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Anita O'Day: The Life of a Jazz Singer (2007)

7.5
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Ratings: 7.5/10 from 178 users   Metascore: 76/100
Reviews: 9 user | 24 critic | 12 from Metacritic.com

A tribute to jazz diva Anita O'Day, completed just weeks before her death in November 2006.

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Title: Anita O'Day: The Life of a Jazz Singer (2007)

Anita O'Day: The Life of a Jazz Singer (2007) on IMDb 7.5/10

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Cast

Credited cast:
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Himself (archive footage)
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Himself (archive footage)
Leonard Feather ...
Himself
Will Friedwald ...
Himself
Johnny Mandel ...
Himself
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Himself
Anita O'Day ...
Herself
John Poole ...
Himself (archive footage)
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Herself
George Wein ...
Himself
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Herself
Gerald Wilson ...
Himself
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Storyline

A documentary look at the improvised life of Anita O'Day (1919-2006), singer and stylist whose timing, phrasing, interpretations, and unique sound put her among the finest vocalists of jazz. Interviews with her late in life are interspersed with archival footage of performances and old interviews as well as with comments by friends, arrangers, critics, and other musicians. She talks about singing without a uvula (sing eighth notes), of jail time for a marijuana arrest, of taking and kicking heroin, of finally making money after appearing at the Newport Jazz Festival, of loss, of a broken arm that almost cost her life, and of living in 4/4 time, one day at a time, smiling. Written by <jhailey@hotmail.com>

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Plot Keywords:

jazz | broken arm | singing | heroin | singer | See more »

Genres:

Documentary | Music

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Details

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Release Date:

30 April 2007 (USA)  »

Also Known As:

Anita O'Day: The Life of a Jazz Singer  »

Box Office

Budget:

$200,000 (estimated)
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Did You Know?

Trivia

The clips of Anita O'Day performing as a band singer for Gene Krupa and Stan Kenton come from "Soundies", three-minute music videos filmed during the 1940's for playback on a "Panoram", a video jukebox that projected the film onto a window-like screen. Many top musicians of the period, including Duke Ellington, Louis Armstrong and Liberace (who made his film debut on one) made "Soundies". See more »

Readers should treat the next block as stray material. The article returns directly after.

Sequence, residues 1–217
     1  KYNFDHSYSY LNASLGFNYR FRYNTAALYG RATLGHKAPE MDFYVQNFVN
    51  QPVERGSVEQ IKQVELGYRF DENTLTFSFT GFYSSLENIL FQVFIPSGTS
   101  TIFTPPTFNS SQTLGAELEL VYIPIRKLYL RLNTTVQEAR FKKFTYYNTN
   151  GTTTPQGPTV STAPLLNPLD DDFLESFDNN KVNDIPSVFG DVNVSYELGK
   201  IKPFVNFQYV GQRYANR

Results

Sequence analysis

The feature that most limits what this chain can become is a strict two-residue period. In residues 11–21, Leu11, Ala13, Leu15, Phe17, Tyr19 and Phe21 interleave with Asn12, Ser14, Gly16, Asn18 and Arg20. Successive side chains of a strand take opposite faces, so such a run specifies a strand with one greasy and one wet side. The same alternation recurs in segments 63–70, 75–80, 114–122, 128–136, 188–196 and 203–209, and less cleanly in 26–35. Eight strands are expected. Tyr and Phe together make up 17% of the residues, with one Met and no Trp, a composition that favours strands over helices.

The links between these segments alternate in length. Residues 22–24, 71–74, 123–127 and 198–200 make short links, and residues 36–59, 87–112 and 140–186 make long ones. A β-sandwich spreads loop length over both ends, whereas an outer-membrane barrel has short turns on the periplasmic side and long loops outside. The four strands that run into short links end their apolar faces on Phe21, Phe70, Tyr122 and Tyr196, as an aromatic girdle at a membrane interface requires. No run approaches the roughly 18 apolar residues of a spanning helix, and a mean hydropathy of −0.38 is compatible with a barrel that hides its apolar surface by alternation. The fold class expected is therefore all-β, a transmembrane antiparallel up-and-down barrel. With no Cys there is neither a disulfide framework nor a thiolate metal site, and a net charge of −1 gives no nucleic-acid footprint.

Goofs

In one of the interview clips, Anita O'Day says that composer-arranger Gary McFarland died soon after the release of the album they made together, "All the Sad Young Men." McFarland actually lived another 10 years after the 1961 release of his record with O'Day, and died on November 2, 1971. See more »

Connections

Features Jazz on a Summer's Day (1959) See more »

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User Reviews

 
Amazing movie, but Anita wasn't the only great white jazz singer
5 January 2009 | by (United States) – See all my reviews

This is a marvelous film, a worthy tribute to one of the giants of jazz. I was a bit worried at the gimmicky opening -- in which a clip of Anita O'Day was subjected to bizarre color patterns, mirror images and re-editing -- but as the film went on it settled into a conventional but appealing music-documentary groove with O'Day's interviews (some archival, some done especially for this film) providing commentary and context to her career. Filmmakers Robbie Cavolina and Ian McCrudden deserve credit for presenting O'Day's performances, if not as complete songs start-to-finish, at least in long enough clips so you could appreciate her (all too many music documentarians just give us a few seconds here and there, or have people talking over the clips). Though this film is aimed mostly at O'Day's fans, "newbies" can watch it and at least get an idea of what made her so great.

One aspect of the film that fascinated me was O'Day's comment that in order to be a great jazz musician you had to live the "jazz life." I can think of quite a few people on her level of talent -- Louis Armstrong, Duke Ellington, Lionel Hampton, Ella Fitzgerald, Dizzy Gillespie -- who had long and prosperous careers by avoiding substance abuse and the other pitfalls of the so-called "jazz life." The only part of the movie that really rubbed me the wrong way, though, was the interview clip with the late Leonard Feather (with which the filmmakers seemed to agree) in which he said that O'Day was the only white woman jazz singer he regarded as the artistic equal of Billie Holiday, Ella Fitzgerald or Sarah Vaughan. What about June Christy, Chris Connor, Peggy Lee or -- in the generation just before O'Day's -- Mildred Bailey (an obvious influence on O'Day's style) and the Boswell Sisters?


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